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The Spring Budget 2024 Unpacked with BK Plus

In a landmark announcement from Westminster, Chancellor Jeremy Hunt presented the Spring Budget 2024 to Parliament earlier this afternoon, setting out the government’s financial strategy ahead of the forthcoming general election. This budget, announced during a period of cautious economic recovery and public anticipation, aims to address the UK’s immediate financial challenges while laying the groundwork for future prosperity.

With measures spanning from national insurance cuts to the introduction of incentives for savers and adjustments in business taxes, the budget targets a broad spectrum of economic areas. This approach reflects an effort to stimulate growth, support households, and encourage investment amidst ongoing global uncertainties.

Below, we provide a summary of the key announcements from the Spring Budget 2024, offering insights into their potential impact on the UK’s economic trajectory.

National Insurance Reduction

Starting from April, the rate of National Insurance Contributions will decrease from 10% to 8% of pay. This follows a previous reduction in the autumn statement of November, which saw the rate drop from 12% to 10%.

For individuals earning a full-time salary of £35,000, this latest 2p cut in national insurance is expected to translate into savings of approximately £450 a year.

Self-employed individuals, in particular, can anticipate an annual boost of around £350 due to the equivalent cut in their contributions. When combined with the reduction announced last autumn, the total annual tax saving for employees reaches £900.

VAT Registration Threshold Increase

The VAT registration threshold for small businesses and self-employed individuals will be increased from £85,000 to £90,000 starting April. This adjustment falls short of the £100,000 threshold some had anticipated. This change, the first in seven years, aims to reduce fiscal drag and encourage business activity. However, it’s noted that this £5,000 increase may not fully offset the impact of the previous freeze.

Capital Gains Tax and Housing

The higher rate of property capital gains tax will be reduced from 28% to 24%. Additionally, tax breaks for holiday let owners have been scrapped. The Chancellor suggests this change is expected to encourage more property transactions and increase revenues.

Business Tax Cuts Overview

The Chancellor expanded on the £10bn tax cut for businesses making capital investments in the UK, a move initially introduced in his autumn statement under the “full expensing” scheme. Responding to business community feedback, he has now extended this benefit to include tax relief for leased assets, broadening the scope for businesses to offset investments against tax. This includes investments in critical areas like factory machinery and IT equipment.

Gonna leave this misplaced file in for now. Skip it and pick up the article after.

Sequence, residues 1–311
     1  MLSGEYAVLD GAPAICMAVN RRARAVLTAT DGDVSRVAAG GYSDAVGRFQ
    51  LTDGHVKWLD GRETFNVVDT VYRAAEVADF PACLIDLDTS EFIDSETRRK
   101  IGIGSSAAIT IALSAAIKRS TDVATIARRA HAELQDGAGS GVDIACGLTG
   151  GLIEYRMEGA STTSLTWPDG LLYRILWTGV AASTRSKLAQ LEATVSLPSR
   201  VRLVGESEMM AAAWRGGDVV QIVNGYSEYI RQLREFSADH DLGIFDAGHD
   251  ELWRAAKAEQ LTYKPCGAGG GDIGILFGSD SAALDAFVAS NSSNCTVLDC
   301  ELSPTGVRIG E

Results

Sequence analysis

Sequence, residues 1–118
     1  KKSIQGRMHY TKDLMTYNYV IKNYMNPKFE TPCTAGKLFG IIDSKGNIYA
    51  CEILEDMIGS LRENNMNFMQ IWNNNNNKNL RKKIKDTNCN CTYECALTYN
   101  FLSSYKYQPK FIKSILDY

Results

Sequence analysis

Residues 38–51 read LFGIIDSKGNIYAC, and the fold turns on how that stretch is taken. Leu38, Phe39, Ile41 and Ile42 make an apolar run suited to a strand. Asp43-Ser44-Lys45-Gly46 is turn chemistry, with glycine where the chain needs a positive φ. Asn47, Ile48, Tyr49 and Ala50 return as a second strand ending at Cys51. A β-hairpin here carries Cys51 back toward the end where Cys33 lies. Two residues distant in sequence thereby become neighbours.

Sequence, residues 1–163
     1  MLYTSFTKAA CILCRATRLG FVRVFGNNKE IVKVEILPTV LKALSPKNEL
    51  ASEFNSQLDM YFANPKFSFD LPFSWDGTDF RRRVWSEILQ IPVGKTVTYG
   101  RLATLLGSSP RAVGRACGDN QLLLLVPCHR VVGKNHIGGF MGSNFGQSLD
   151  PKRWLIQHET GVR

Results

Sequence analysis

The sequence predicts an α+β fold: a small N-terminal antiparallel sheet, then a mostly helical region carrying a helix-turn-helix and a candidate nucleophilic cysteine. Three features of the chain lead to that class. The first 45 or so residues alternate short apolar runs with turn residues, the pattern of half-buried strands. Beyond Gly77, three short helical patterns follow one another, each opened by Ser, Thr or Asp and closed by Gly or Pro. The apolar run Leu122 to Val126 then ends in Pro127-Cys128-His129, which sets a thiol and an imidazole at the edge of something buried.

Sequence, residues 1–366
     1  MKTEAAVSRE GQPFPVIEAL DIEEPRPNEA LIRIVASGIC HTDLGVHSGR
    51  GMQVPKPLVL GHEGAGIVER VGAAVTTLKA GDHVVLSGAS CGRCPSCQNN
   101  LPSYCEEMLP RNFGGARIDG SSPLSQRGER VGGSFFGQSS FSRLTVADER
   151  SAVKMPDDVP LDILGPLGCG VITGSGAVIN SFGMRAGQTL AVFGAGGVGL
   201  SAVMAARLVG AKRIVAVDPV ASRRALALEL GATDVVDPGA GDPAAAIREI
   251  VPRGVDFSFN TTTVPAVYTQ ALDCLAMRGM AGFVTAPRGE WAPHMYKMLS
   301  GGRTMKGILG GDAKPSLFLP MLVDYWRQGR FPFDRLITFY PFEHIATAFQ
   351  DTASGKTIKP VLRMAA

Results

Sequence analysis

Additionally, the Chancellor announced a £200m boost to the post-pandemic Recovery Loan Scheme, aimed at lending to small businesses to fuel growth. For the creative sector, film studios in England will receive a 40% relief on their gross business rates until 2034, alongside a new tax credit for independent films with budgets under £15m, supporting innovation and growth within the industry.

Child Benefit Changes

Plans have been announced to offer additional support to parents regarding child benefit. A consultation will be launched on a new rule to base child benefit eligibility on collective household income instead of individual income, with a target implementation date of April 2026.

In the meantime, to provide immediate assistance, the child benefit threshold will be raised from £50,000 to £60,000. Furthermore, the upper limit of the taper, beyond which the benefit is gradually withdrawn, will increase to £80,000 from the existing £60,000.

Fuel Duty Remains Frozen

Fuel duty will be frozen for the 14th consecutive year, offering motorists a £5 billion tax break. This move extends the 5p reduction on petrol and diesel, initially due to end this month, for another year.

Introducing the ‘British ISA’

The launch of a new ‘British ISA’ has been announced, offering an additional £5,000 annual tax-free allowance for investments in UK equities. This initiative aims to connect British savers directly with the growth of the nation’s most promising businesses, encouraging investment in UK assets and supporting these companies in their expansion efforts.

What’s Next?

As we digest the implications of these changes, BK Plus is committed to providing businesses with the insights and guidance they need. We will be publishing an in-depth guide tomorrow, offering a detailed analysis of the budget’s impact on businesses.

Should you have any concerns or require further clarification on how these changes affect your business, please do not hesitate to get in touch with us. Our team is here to support you through these adjustments and help you make informed decisions for your business’s future.

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